Furthermore, local residents may be more interested than before to support students through planned giving as reported by our Foundation. While everyone is cutting their travel budget, they become more interested in community events for which community colleges have quite a history of providing. Events like jazz concerts, alumni reunions, festivals, summer cookouts; all help connect the colleges with the community. Our district built a state-of-the-art athletic facility, the San Mateo Athletic Club, with membership opportunities open to the general public. Closer connection with the community is essential to seeking local support.
• Negotiate/Renew Service Contracts – In the investment world, contrarians (not necessarily short sellers) tend to make the biggest gain. That is because they seek opportunities that a thriving economy does not present. This is the time to consider, against the grain, to aggressively negotiate service contracts with vendors. My office led some of the efforts that resulted in obtaining on average 50% off normal contracts, saving the district close to $100,000 in the first year.
• Hold on to the UC/CSU Redirects – in regular years, we demur at AP students’ lack of interest in community colleges who bypass us on their way to a university. This time around, a lot of these students are unwillingly redirected back to the community colleges. This gives us a great opportunity that is truly historical. We should use this opportunity to make sure they get the best transfer education. If we can impress them with a quality education that includes outstanding student services for a fraction of what it costs in a 4-year institution, we may have secured a generation of new students.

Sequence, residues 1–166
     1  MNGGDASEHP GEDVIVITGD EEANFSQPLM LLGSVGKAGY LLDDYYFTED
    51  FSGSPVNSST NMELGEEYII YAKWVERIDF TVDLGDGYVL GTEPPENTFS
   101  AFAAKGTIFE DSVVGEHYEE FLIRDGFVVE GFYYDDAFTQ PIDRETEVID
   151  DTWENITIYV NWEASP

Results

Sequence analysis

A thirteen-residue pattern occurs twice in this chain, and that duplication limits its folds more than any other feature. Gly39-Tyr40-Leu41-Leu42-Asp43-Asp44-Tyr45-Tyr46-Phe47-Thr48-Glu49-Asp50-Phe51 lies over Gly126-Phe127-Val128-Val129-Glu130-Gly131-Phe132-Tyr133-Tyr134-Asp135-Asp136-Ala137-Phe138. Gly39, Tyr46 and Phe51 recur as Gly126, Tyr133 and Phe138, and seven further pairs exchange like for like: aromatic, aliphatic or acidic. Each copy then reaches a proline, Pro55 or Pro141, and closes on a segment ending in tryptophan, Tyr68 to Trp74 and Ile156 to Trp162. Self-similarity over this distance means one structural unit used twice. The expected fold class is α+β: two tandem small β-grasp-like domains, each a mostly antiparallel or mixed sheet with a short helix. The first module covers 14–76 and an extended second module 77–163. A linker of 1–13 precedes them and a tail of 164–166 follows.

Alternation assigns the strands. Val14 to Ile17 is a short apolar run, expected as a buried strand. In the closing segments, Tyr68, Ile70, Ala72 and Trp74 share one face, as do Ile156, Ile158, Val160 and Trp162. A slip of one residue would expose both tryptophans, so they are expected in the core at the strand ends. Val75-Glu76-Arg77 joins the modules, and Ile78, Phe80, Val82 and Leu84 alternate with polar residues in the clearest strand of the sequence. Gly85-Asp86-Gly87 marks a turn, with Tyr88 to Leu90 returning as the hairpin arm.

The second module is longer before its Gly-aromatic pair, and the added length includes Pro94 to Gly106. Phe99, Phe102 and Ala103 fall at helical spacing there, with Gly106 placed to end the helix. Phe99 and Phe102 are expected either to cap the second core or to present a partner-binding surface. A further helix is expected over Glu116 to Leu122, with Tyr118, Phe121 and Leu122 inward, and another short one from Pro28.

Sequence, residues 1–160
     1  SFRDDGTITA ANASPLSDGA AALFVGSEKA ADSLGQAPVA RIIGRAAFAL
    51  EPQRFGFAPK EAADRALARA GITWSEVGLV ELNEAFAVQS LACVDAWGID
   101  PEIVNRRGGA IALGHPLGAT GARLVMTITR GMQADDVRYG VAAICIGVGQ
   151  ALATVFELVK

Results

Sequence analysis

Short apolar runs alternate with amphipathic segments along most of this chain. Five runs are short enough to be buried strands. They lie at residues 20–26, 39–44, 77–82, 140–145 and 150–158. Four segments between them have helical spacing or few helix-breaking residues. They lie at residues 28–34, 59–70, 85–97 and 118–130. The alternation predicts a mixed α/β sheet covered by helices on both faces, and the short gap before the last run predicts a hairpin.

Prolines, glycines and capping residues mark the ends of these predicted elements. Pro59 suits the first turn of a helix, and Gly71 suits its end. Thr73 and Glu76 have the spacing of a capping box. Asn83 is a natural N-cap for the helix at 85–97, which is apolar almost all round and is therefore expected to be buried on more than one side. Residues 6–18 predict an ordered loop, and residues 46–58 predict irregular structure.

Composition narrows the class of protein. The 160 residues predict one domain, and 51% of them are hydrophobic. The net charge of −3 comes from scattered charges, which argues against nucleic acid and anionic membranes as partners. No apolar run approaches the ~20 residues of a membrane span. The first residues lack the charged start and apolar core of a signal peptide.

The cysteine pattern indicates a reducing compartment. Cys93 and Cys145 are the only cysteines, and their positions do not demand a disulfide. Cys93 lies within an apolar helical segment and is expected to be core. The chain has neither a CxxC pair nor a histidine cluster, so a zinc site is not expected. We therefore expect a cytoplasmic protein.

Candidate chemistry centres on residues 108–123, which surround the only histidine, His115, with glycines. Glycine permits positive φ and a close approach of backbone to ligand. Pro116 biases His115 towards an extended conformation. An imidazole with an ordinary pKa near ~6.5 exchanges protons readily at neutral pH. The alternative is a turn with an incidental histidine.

• Marketing –
Malcolm Gladwell described the “tipping point” as the pinnacle at which a game changer is set in place. (Gladwell, 2003) With classes being filled at unprecedented rates and thousands of students remaining on waitlists in our colleges, has the enrollment reached a tipping point for community colleges? In my opinion, it has not. The current enrollments are a result of the economy, not our own doing. As soon as companies start hiring, we are back in the game of chasing after headcounts. Marketing is (A) about getting the word out and (B) about brand or name recognition. A New York Times article recently described how for-profit trade schools have lured students who are paying up to $40,000 for a two-year degree through questionable marketing and recruitment tactics. We should use ethical marketing to continue branding ourselves, so students will remember us. Our district colleges have worked hard to brand ourselves and to provide reader friendly information with career programs matched against local jobs and earning power. For an example, please click here (http://www.smccd.edu/careers).
With continued budget cutting pressure bearing down on us from all angles, it is inhuman not to feel distracted if not devastated. I lean on Abraham Lincoln who once quoted a biblical phrase “This too shall pass”. Therefore, to make sure of a better tomorrow, we should start positioning ourselves strategically by setting our goals on the future. Short term, we may work on surviving the days and weeks ahead by continuing to fulfill student needs and, as Rahm Emanuel said “Let no crisis go unexploited.” After the storm is over, we should envision the long term exciting landscape of serving students. In closing, I lean on my cultural background for a most appropriate observation: “the Chinese word for crisis is composed of two characters: crisis and opportunity” and in that order, too.
http://www.svmoms.com/2009/08/the-slow-death-of-community-college.html (downloaded March 2010)
http://chronicle.com/article/Chart-From-Community-College/63712/ (downloaded March 2010)
http://www.nytimes.com/2010/03/14/business/14schools.html?sudsredirect=true (downloaded March 2010)